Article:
Winter of the Witch proves, as few trilogies do, that the hat trick is possible. Three books without any deviation from the stellar quality of the first, each with a unique story and meaningful resolution, but also character and plot development across three books and a satisfying grand finale. Put it like that and it’s hard to see how anyone can manage it, but Katharine Arden pulled it off with élan. This is one of the rare pitch-perfect books in which the emotional drama keeps pace with the action, making each skirmish that much more thrilling and devastating. There are also some George R. R. Martin-levels of character death, which upped the stakes for every encounter.
Her third installment featuring Vasya returns with the fledgling witch still in Moscow, the events of the second book still recent and raw. Previously, Vasya had defeated the sorcerer Koschei (aka Koschei the Deathless) and freed the firebird, setting fire to the city of Moscow in the process. Fire begets fire, and Vasya is soon in danger from old enemies and new, spirits and men. She is caught up in the symptoms of a much larger fight, and in this book she finally faces them head-on: she finally begins to tackle the seemingly insurmountable divide between the old faith (and gods) and the new.
In so doing, Vasya comes into the fullest realization of her powers, both magical and not. She braves some of the strangest lander her wanderer’s heart could desire, and she gets to test her mettle against some true horrors. I’d say she comes full circle, but really she comes full spiral, drawing around and around the powers she has been encountering since the first book, encompassing them and drawing them into her orbit. Her path grows increasingly wide, even as her focus narrows to a single—if huge—point: she must save her land and her people.
But what is her land, and who are her people? Are they her family alone, those who stand by her when others condemn her for her powers? Are they her allies, spirits of hearth and forest? Or can she and her magic do more, and make a place for her enemies as well? Already in the first chapters she is forced to make bargains with bad and worse, blurring a world she thought was purely good and evil. But it’s not just moral compromise that brings the book to interesting places. It’s Arden’s recognition of the potential for redemption and complexity that really enlivens this story. Even wicked things can be made to work toward benign ends, and even the damned can make good.
Vasya herself has mistakes to atone for, and the road is not easy. Arden does weariness and darkness well: Vasya’s slogs made me tired, but her determination made me determined to read on, too. I finished this book in less than a day. It was impossible to put down, sometimes quite literally, and I’m sure my husband got a kick out of watching me juggle a book, a cat, and a toothbrush. The only logical stopping place was midway through, where there was an abrupt change in direction. It’s not one I minded, but it was only lightly telegraphed, and therefore a bit jarring. In fact, the first half felt so much like a complete book, it took a little while to get back into the idea that the story wasn’t over, even though I was glad to have more time with Vasya and her companions.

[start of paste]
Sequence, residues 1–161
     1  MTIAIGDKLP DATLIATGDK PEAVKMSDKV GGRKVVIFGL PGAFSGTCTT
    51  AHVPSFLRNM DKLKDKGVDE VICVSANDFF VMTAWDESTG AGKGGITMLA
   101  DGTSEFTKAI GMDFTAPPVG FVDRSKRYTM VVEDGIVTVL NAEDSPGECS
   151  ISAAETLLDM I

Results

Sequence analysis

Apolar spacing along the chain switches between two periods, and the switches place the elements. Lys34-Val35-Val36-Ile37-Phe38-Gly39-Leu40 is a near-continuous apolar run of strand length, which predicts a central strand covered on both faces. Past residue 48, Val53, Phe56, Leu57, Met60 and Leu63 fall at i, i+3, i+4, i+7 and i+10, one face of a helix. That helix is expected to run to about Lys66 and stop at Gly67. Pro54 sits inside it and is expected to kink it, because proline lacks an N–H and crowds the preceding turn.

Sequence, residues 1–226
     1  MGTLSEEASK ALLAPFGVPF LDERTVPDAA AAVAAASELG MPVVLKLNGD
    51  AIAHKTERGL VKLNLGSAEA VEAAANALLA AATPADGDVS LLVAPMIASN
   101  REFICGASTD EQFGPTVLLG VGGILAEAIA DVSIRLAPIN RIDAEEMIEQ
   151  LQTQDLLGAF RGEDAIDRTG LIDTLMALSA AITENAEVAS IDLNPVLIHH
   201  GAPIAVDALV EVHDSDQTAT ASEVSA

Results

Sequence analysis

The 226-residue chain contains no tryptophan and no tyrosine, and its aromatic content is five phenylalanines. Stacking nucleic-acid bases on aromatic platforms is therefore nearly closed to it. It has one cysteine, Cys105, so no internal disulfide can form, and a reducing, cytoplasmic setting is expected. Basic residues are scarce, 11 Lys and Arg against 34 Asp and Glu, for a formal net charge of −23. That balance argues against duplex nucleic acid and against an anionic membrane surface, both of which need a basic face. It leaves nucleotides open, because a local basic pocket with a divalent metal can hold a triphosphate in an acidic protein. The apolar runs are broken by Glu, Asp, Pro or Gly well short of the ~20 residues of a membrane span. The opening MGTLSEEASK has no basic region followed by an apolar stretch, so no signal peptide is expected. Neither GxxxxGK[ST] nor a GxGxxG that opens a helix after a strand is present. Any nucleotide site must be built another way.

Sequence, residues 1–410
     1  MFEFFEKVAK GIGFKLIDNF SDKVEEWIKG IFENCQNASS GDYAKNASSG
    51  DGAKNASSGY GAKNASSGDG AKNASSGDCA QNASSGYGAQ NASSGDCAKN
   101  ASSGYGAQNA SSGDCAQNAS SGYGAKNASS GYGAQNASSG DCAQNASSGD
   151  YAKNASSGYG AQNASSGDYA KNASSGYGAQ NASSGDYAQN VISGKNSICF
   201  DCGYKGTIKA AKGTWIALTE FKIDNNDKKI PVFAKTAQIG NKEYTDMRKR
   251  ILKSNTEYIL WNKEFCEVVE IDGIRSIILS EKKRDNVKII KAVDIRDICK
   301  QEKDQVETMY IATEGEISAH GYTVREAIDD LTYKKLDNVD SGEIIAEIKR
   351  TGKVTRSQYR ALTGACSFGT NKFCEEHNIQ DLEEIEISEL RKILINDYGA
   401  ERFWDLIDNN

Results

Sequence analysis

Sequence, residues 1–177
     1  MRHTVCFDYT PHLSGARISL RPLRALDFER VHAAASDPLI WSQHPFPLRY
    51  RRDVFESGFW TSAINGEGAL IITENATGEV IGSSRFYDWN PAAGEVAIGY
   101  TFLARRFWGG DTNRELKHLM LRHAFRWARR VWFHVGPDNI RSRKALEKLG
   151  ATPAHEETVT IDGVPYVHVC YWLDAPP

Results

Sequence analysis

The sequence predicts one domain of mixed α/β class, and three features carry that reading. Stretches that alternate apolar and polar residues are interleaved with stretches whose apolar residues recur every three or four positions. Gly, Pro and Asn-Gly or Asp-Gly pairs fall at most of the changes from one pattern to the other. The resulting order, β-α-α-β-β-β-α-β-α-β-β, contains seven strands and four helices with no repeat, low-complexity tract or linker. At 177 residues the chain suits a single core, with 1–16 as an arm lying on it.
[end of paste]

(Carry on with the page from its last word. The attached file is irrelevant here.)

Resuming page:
The thread that holds the two halves together is the question of the chyerti. What will become of the old gods and spirits now that the new god of Christianity has spread so far and sunk so deeply into the fabric of Rus’? Everyone but Vasya is convinced that there must be battle and bitter loss. And Vasya must endure both before the end to convince them otherwise.
I appreciated that Arden gave subtlety and gradation to the faiths she depicted. Pagan and Christian did not equate with good and evil, nor even with accepting and exclusionary, respectively. There were many men (and a few women) of Christian faith, but some are warrior-monks, and some are gentle abbots, and some are just frightened townspeople. The same is true of those who keep the old ways, whether they have the second sight or not. Arden manages to convey the realities of dvoeveriye, dual faith, in all its pragmatic glory. Her world of Rus is vast and strange and wonderful, barely able to contain all the magic with which she infuses it.
Winter of the Witch comes out January 8.